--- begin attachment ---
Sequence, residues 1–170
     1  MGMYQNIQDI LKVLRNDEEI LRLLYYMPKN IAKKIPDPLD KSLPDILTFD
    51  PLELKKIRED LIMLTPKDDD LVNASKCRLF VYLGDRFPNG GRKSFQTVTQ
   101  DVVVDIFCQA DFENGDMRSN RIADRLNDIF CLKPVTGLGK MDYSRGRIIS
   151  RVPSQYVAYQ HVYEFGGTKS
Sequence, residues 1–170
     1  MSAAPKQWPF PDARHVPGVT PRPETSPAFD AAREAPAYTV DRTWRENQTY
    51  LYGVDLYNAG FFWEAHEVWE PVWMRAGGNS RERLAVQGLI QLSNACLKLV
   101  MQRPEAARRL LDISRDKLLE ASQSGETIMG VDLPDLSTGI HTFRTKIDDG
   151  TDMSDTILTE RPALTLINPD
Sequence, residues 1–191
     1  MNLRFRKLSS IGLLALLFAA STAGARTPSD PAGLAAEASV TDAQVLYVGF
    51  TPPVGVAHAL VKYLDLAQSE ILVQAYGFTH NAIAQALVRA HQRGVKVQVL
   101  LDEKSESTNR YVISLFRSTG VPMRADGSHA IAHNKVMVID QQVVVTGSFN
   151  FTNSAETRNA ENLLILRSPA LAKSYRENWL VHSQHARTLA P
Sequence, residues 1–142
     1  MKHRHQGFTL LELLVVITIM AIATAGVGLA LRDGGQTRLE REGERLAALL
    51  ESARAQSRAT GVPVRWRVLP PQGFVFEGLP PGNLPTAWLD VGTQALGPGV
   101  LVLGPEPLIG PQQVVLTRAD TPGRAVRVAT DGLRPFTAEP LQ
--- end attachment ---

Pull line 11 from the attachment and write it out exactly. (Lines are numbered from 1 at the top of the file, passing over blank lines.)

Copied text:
Sequence, residues 1–191